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Historical Investment Returns CalculatorCompare historical stock, commodity, real estate, and fixed income returns.

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You can use this Historical Investment Calculator to compare investment returns for multiple asset classes. The calculator includes historical price data for 14 popular indices with some prices going back over 100 years. The calculator will compare nominal returns or inflation-adjusted returns. Inflation adjustments are made using U.S. Consumer Price Index data.

Why look at historical investment returns?

The answer is not what you may think.

A category of traders known as chartists, use historical stock returns and charts to predict future price movements.

While you could perhaps use this historical returns calculator to assist with predications, there are certainly better tools you should use.

Rather than being a tool for traders, this historical investment calculator is a tool for long term investors. It is designed to give the user a 30,000-foot view of investing. I created it particularly for:

  • the millennial generation (to which my three children belong) and Gen Z, and
  • bloggers, parents, or anyone who wants to teach or learn about the benefits of long term investing.

According to an Ally Financial survey as quoted by Andrea Coombes in Forbes 66% of people aged 18 to 29 (and 65% of those 30 to 39) say investing in the stock market is scary or intimidating.

That's because, I believe, the Millennials and Gen Z do not have enough life experience to take the long view. They were starting to come of age when the Great Recession hit. Many saw first hand the impact it had on their parent's finances. Some saw their college fund go poof. Others saw their parents or their neighbors lose their home. Some saw both.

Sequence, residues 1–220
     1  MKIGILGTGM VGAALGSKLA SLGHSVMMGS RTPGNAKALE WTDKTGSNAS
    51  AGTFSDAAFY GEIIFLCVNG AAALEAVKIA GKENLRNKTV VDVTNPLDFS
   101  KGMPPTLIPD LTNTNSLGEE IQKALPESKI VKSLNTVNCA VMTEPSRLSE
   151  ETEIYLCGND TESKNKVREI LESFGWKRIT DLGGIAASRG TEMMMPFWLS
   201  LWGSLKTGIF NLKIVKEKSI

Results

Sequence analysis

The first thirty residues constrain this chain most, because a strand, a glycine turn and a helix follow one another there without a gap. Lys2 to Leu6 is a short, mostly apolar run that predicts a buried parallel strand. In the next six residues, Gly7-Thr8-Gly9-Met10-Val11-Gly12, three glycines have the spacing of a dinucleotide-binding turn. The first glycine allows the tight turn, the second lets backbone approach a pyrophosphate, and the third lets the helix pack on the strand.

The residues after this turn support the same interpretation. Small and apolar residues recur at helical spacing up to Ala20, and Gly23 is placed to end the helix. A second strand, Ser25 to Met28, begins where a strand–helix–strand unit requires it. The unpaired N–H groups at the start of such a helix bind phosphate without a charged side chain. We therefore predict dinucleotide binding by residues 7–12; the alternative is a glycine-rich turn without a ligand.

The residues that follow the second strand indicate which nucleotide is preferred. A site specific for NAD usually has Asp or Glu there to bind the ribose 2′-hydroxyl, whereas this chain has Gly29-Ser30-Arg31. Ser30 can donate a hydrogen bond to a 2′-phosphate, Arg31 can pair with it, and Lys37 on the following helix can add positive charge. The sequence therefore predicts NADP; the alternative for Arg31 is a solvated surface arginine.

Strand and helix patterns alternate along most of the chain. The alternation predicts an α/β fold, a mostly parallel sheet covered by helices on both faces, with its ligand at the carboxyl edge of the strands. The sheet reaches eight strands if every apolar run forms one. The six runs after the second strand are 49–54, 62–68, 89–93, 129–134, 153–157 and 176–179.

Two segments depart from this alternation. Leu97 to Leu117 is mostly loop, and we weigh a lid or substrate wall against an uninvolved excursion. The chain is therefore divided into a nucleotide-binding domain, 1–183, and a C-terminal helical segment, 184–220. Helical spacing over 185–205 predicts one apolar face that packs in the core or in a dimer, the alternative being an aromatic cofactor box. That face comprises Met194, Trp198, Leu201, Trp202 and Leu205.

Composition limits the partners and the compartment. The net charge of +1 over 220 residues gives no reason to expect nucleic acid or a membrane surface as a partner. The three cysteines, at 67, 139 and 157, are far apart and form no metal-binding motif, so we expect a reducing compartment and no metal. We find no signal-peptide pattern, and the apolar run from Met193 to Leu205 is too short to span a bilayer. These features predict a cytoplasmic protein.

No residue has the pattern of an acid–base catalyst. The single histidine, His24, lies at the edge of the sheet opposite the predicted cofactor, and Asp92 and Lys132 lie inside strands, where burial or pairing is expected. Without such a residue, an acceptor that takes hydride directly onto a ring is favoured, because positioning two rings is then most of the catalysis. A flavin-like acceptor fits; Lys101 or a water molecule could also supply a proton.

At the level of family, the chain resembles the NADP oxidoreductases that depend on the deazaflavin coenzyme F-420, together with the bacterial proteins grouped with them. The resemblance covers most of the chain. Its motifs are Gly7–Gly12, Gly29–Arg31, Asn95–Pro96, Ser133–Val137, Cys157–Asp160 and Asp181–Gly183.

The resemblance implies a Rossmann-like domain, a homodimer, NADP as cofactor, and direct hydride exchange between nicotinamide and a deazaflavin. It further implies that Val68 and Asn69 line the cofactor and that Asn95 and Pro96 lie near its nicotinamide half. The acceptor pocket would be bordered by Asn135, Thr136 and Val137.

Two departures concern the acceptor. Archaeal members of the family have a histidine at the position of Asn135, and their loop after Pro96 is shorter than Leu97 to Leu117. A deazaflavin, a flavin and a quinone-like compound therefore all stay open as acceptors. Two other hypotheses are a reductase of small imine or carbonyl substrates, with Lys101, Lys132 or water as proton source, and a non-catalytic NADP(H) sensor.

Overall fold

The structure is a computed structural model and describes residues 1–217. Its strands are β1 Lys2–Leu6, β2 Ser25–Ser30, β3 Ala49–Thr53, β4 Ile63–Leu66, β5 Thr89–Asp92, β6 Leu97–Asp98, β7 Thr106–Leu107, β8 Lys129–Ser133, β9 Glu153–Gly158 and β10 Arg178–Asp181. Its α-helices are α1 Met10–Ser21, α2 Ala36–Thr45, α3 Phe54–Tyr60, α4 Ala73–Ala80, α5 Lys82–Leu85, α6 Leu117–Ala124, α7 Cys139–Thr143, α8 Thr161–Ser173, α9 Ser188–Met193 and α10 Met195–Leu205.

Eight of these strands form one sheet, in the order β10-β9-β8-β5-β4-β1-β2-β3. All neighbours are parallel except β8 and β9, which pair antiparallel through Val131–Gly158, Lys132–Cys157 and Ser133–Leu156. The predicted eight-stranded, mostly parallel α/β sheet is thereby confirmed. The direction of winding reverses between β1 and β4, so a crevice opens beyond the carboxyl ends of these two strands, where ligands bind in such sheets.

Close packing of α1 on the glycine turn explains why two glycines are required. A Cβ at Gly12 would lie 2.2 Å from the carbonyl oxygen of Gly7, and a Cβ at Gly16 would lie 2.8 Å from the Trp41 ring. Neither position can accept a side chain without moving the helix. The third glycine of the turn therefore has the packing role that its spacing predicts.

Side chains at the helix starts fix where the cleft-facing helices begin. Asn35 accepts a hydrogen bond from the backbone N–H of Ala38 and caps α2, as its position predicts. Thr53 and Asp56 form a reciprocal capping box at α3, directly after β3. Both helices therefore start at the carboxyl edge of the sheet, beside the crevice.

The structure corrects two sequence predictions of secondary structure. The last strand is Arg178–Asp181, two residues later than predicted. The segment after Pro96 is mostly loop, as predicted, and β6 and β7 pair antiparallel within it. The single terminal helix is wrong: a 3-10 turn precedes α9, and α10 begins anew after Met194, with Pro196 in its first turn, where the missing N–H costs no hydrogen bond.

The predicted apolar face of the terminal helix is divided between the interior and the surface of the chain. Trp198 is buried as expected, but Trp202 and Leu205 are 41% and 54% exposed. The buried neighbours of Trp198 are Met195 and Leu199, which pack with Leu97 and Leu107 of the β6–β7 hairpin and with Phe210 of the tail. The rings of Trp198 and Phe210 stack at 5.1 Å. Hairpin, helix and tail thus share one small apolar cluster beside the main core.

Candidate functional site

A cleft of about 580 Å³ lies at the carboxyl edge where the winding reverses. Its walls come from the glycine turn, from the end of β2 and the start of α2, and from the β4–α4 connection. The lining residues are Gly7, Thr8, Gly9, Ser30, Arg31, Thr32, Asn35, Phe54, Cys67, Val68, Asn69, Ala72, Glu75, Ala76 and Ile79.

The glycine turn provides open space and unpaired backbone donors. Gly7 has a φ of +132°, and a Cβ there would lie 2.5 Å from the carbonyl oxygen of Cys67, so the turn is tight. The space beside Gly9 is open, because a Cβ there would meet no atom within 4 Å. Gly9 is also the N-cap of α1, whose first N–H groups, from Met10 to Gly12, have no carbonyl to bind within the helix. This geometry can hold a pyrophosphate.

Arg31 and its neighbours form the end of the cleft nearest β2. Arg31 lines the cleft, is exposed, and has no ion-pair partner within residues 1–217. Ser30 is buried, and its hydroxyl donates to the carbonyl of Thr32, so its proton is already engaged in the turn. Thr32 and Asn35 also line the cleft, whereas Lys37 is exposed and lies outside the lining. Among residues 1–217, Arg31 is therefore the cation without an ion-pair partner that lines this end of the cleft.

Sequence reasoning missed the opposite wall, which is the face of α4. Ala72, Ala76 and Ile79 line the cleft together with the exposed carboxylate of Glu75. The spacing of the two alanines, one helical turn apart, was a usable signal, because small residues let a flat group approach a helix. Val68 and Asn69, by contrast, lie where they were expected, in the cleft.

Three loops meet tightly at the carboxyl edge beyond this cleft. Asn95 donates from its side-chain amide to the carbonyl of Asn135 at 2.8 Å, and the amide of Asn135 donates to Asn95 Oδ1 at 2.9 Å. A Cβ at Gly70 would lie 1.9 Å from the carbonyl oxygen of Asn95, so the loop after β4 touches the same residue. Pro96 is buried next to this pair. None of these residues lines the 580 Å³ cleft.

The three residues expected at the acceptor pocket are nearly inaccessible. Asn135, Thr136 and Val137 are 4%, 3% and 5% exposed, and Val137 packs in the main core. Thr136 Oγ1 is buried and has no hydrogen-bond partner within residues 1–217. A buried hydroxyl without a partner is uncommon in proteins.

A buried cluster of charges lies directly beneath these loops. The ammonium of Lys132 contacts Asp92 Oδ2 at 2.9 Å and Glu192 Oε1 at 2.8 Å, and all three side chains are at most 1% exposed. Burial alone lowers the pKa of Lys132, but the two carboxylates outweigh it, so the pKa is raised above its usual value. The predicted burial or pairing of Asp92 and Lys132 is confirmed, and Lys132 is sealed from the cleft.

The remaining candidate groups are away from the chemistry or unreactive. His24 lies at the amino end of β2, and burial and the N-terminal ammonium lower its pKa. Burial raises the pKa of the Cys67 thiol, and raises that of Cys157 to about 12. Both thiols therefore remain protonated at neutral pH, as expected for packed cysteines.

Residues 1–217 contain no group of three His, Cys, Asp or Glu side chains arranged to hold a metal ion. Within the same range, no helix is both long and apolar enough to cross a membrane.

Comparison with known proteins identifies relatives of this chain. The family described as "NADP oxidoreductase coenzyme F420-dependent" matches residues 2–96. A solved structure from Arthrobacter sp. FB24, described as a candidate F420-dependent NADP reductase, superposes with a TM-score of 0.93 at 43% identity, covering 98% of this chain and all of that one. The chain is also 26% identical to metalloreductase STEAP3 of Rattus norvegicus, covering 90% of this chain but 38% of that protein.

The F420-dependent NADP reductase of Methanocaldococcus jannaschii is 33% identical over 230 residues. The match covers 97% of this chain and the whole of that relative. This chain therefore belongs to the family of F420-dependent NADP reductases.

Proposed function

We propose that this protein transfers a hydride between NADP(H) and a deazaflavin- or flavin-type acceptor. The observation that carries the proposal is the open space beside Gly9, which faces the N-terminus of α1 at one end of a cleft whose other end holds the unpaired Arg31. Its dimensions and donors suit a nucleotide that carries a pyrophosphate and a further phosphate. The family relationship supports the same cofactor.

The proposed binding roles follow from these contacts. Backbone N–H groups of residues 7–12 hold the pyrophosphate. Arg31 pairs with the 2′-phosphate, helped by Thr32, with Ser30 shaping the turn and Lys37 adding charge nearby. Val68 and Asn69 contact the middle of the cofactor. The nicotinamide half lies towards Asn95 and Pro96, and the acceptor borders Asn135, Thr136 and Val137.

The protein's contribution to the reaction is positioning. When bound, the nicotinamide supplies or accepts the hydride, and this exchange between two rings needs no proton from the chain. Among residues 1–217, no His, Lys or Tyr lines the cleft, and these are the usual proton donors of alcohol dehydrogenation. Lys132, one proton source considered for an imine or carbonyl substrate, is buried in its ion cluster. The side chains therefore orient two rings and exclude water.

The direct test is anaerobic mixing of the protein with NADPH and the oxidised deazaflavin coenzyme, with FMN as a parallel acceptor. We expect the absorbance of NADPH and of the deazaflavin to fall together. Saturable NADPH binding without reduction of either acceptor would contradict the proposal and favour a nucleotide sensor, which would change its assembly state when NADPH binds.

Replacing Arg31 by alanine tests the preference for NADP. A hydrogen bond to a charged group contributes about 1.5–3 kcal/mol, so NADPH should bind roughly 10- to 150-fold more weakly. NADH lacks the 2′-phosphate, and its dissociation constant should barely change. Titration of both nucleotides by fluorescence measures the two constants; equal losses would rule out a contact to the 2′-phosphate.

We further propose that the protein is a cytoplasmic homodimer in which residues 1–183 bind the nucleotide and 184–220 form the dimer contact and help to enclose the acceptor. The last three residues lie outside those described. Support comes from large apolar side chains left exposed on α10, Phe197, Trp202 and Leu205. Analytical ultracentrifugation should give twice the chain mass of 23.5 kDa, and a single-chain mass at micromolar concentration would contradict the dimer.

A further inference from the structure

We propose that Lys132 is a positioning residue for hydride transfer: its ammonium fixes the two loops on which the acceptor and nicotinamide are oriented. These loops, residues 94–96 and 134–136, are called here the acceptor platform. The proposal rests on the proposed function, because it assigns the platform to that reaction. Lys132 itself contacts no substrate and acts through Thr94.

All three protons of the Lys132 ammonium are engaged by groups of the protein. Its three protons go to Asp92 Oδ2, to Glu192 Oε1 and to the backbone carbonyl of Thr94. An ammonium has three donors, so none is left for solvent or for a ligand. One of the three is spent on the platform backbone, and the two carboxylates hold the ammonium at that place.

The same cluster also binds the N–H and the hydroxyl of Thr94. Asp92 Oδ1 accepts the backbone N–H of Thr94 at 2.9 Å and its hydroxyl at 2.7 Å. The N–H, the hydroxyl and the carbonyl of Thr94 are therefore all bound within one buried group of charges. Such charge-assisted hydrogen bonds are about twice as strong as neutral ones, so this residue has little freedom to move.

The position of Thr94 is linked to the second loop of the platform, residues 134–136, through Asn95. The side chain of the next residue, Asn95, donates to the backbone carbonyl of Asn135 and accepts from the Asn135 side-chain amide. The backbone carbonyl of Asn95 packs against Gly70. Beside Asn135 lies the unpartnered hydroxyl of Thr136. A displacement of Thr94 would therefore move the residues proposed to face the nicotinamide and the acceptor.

Recessions can unquestionably be scary things to live through.

But take a look at what this calculator teaches us. Recessions are but blips for the investor. In fact, we can look at history and see that not investing should make us more scared than investing.

Long term investing, it turns out, is pretty dull. Before starting the coding for this calculator a few months ago, I had been thinking about its design and what it might teach us.

I assumed that we would learn that one particular investment is better than another investment if interest rates are rising.

Or that a different investment would be warranted if rates were falling.

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  Original Size  
Investment Choices
IndexEarliest Data
Cash - US 3-Month T-Bill Proxy1933
BOVESPA Index1994
CAC 40 Index1991
Case-Shiller Index1915
DAX 30 Index1991
Dow Jones Industrial Average1915
Gold - Fixing Price 10:30 A.M. (London time)1968
Hang Seng Composite Index1987
ICE BofAML US Corporate AAA Index1988
Nasdaq Index1972
Nikkei 2251950
S&P 500 Index1928
Shanghai Composite Index1991
Wheat Prices1960

As mentioned, you can compare the returns for up to 3 assets at a time. The calculator places few restrictions on what a user can do. However, it probably does not make much sense to do a comparative analysis that starts before the first data of the index with the least amount of data points (years).

For example, the calculator will let you compare the return on the Dow with that of gold from 1915 to 2000, but why would you? If you are calculating absolute returns, that will give the Dow an unfair advantage since the calculator does not know the price of gold before year-end 1968.

Two investment modes